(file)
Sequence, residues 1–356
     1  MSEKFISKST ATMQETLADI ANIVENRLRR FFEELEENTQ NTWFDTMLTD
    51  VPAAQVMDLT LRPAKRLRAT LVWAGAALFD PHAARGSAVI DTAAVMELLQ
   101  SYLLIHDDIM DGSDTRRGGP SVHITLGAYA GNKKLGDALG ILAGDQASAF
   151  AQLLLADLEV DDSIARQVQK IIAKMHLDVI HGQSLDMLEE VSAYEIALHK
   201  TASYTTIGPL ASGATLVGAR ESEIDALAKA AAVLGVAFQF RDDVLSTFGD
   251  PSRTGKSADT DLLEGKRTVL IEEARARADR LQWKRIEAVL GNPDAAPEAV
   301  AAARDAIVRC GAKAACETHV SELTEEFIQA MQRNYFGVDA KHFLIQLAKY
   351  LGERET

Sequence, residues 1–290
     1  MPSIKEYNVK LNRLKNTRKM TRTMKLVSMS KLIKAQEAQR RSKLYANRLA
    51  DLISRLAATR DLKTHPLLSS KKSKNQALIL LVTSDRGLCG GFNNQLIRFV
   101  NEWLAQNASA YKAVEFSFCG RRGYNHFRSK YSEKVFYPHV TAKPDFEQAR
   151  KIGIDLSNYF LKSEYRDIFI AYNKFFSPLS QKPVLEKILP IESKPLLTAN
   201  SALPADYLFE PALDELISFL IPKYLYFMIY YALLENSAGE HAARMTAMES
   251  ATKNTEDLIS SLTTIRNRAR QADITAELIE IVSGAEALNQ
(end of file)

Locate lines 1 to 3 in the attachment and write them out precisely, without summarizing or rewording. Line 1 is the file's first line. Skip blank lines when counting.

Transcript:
Sequence, residues 1–356
     1  MSEKFISKST ATMQETLADI ANIVENRLRR FFEELEENTQ NTWFDTMLTD
    51  VPAAQVMDLT LRPAKRLRAT LVWAGAALFD PHAARGSAVI DTAAVMELLQ